While many Nigerians living and doing business in towns and villages ravaged by flood across the country continue to count their losses, insurance operators said they were yet to record any insured coming forward to make claims in their offices nationwide.
Even though the operators have stated their readiness to surpass the expectations of their clients who may be affected, they said that current flood disaster has just exposed the lack of awareness and apathy for insurance among Nigerians.
With the exception of the specialist agricultural risks underwriter, Nigerian Agricultural Insurance Corporation (NAIC), which is yet to speak on recent flood claims, THISDAY checks revealed that most operators in the industry may not have suffered any serious loss as a result of flood in this dispensation.
Speaking on the experience of his company on flood claims, for instance, the Managing Director of Consolidated Hallmark Insurance Plc, Mr. Eddie Efekoha said no claims had been reported in any of the company’s branches nationwide, an indication that most of the affected people were not insured.
He said, “Flooding is part of what we regard as special peril and is part of the fire policy. But whether the current flooding is what we anticipated becomes another issue because natural peril is difficult to cover and that is why government is regarded as an insurer in case of natural perils.
“But as far as this one is concerned, a lot of the places that were affected are not major buyers of insurance yet because each time l go out l ask, do you have any flooding claims so far reported? Many said they do not have any claims yet, because most of the affected areas (villages) are yet to see much development.”
Efekoha, however, said that Nigeria was never classified as a natural disaster zone and as such, the industry did not envisage the present challenges, adding that going forward, insurance operators in the country would continue to take this into consideration when making business decisions.
“We have not identified Nigeria as a natural disaster zone as such and most insurers will always look at flood as special risk, whereas this kind of flood is unlike the one coming from a leaking overhead tank, affecting both the high and the low.
“Even President Goodluck Jonathan’s house in the village was not spared which means it is not just my house or yours in the village or town that was flooded. This flood is no respecter of anything and the flood risk is the situation we face today, which means that the risk is with us and we must take all the measures to plan for it and to manage it effectively,” he explained.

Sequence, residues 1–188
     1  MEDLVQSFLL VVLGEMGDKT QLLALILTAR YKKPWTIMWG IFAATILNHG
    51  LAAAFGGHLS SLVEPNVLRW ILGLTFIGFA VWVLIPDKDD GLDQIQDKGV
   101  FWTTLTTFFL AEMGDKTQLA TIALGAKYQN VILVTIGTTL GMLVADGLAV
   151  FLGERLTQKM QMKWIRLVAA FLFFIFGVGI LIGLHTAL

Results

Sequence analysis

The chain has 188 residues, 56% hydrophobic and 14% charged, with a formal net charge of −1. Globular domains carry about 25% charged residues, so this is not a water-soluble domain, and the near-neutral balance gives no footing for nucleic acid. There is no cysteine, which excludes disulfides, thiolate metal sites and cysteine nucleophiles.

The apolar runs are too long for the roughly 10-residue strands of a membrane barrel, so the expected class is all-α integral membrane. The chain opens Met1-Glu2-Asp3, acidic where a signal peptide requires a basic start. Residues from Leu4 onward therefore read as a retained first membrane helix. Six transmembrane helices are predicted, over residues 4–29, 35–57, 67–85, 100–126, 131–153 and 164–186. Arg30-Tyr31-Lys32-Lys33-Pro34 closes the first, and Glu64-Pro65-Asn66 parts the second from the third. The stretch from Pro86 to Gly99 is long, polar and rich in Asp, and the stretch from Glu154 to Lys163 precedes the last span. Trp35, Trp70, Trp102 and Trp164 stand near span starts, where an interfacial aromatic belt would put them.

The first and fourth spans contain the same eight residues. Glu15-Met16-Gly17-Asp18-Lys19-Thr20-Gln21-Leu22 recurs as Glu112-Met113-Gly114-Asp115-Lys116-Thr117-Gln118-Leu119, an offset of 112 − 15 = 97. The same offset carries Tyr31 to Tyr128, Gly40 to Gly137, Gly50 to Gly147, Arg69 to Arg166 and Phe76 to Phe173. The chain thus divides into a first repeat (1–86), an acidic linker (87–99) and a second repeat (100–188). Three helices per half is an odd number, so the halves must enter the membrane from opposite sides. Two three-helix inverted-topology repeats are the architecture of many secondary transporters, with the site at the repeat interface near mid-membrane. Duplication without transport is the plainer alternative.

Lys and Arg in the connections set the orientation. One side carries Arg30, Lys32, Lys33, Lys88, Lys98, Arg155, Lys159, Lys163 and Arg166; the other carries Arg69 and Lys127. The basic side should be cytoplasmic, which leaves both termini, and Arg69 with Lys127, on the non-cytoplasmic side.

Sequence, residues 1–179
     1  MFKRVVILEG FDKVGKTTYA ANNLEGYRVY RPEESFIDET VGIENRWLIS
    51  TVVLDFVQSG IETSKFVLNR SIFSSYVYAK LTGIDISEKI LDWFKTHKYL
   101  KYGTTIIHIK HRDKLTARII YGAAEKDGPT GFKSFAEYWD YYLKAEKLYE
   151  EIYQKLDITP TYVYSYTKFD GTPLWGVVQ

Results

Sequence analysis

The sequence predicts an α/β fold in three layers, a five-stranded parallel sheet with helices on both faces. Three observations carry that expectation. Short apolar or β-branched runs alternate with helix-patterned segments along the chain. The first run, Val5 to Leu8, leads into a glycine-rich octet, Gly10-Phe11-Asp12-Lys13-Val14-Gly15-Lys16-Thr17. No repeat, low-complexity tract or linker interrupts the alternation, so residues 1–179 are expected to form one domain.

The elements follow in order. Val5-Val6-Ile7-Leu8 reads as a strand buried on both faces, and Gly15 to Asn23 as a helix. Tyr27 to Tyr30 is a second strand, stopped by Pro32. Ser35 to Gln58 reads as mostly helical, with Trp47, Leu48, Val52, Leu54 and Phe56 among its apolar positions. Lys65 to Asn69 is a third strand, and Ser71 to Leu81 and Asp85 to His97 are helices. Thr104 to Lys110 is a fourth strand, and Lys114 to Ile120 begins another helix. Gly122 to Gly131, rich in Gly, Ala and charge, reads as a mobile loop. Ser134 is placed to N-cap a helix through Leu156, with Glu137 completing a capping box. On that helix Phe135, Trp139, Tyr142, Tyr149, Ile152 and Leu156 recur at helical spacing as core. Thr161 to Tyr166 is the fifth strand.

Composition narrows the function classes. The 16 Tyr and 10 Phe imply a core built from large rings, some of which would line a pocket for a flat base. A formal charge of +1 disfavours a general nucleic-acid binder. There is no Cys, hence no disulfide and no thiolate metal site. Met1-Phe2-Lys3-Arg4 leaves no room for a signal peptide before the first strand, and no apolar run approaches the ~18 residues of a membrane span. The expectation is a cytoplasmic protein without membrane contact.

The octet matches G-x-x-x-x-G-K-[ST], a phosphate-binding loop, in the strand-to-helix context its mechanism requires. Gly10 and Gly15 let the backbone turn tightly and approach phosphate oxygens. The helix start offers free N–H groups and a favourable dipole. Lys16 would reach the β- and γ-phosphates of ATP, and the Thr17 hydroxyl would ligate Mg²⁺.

Speaking in the same vein, the Managing Director of Lasaco Assurance Plc, Mr. Olusola Ladipo-Ajayi said the current flood has exposed the lack of awareness and apathy towards insurance on the part of most Nigerians, noting that he did not expect much flood claims to be paid by insurers.
“I am not expecting a deluge of claims on insurance companies because the contract to bring about such claims does not exist,” he said.
The Lasaco Assurance boss also observed the victims of the flood, which he described as the realities of climatic change, were mostly peasants, adding that were it to be in a country where insurance is widely accepted, the insurance industry would be fretting by now.
“Most casualties are peasants. The rich don’t insure how much more peasants living in unplanned areas near water. We have an alternative insurance arrangement in Nigeria.When such things happen everybody would rush to government but government officials are now complaining that government alone cannot take care of the loss. These types of risks are better taken care of commercially,” Ladipo-Ajayi stressed.
Meanwhile, the Commissioner for Insurance, Mr. Fola Daniel has clarified that only those having valid fire insurance for their properties would get compensation from the industry while others would have to wait to benefit from any emergency relief programme of the government.
Daniel explained that the insurance industry and operators do not constitute an emergency relief organisation and as such only those of their customers who insured their houses validly for fire would be adequately compensated for flood damage.
The commissioner said that under the insurance contract, flood perils are covered under fire insurance for properties and any building that is properly insured for against fire risks is as well protected against flood damages.
Daniel, however, ruled out any compensation for those other Nigerians without any valid insurance for their properties who are affected by flood across the nation.
“We are not an emergency relief organisation. For those who insured their houses for fire and flood perils, they will get full compensation. But for others, they will get handout from the Federal and State government,” he said.